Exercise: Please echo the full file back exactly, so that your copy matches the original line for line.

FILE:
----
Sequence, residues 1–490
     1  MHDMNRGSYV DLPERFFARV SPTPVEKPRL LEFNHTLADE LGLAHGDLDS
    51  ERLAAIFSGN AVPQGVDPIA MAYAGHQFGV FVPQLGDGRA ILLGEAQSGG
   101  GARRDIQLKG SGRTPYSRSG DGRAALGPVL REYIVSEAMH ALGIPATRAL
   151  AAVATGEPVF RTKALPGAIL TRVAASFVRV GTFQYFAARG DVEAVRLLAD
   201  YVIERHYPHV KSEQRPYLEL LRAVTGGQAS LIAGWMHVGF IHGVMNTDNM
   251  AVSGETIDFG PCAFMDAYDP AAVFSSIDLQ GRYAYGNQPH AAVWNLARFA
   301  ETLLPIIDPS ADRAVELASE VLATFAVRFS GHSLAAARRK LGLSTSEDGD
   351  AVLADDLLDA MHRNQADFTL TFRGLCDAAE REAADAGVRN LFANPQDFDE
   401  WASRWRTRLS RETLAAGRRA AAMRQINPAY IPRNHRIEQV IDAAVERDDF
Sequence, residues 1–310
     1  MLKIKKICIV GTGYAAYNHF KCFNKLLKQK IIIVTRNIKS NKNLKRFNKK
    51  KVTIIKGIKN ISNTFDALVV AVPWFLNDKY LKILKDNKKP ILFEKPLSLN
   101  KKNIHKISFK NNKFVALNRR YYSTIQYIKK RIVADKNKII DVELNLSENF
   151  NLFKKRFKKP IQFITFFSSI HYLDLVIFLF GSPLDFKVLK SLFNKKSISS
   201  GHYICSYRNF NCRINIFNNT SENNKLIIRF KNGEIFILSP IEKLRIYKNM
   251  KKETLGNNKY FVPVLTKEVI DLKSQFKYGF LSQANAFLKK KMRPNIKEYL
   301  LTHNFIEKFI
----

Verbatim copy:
Sequence, residues 1–490
     1  MHDMNRGSYV DLPERFFARV SPTPVEKPRL LEFNHTLADE LGLAHGDLDS
    51  ERLAAIFSGN AVPQGVDPIA MAYAGHQFGV FVPQLGDGRA ILLGEAQSGG
   101  GARRDIQLKG SGRTPYSRSG DGRAALGPVL REYIVSEAMH ALGIPATRAL
   151  AAVATGEPVF RTKALPGAIL TRVAASFVRV GTFQYFAARG DVEAVRLLAD
   201  YVIERHYPHV KSEQRPYLEL LRAVTGGQAS LIAGWMHVGF IHGVMNTDNM
   251  AVSGETIDFG PCAFMDAYDP AAVFSSIDLQ GRYAYGNQPH AAVWNLARFA
   301  ETLLPIIDPS ADRAVELASE VLATFAVRFS GHSLAAARRK LGLSTSEDGD
   351  AVLADDLLDA MHRNQADFTL TFRGLCDAAE REAADAGVRN LFANPQDFDE
   401  WASRWRTRLS RETLAAGRRA AAMRQINPAY IPRNHRIEQV IDAAVERDDF
Sequence, residues 1–310
     1  MLKIKKICIV GTGYAAYNHF KCFNKLLKQK IIIVTRNIKS NKNLKRFNKK
    51  KVTIIKGIKN ISNTFDALVV AVPWFLNDKY LKILKDNKKP ILFEKPLSLN
   101  KKNIHKISFK NNKFVALNRR YYSTIQYIKK RIVADKNKII DVELNLSENF
   151  NLFKKRFKKP IQFITFFSSI HYLDLVIFLF GSPLDFKVLK SLFNKKSISS
   201  GHYICSYRNF NCRINIFNNT SENNKLIIRF KNGEIFILSP IEKLRIYKNM
   251  KKETLGNNKY FVPVLTKEVI DLKSQFKYGF LSQANAFLKK KMRPNIKEYL
   301  LTHNFIEKFI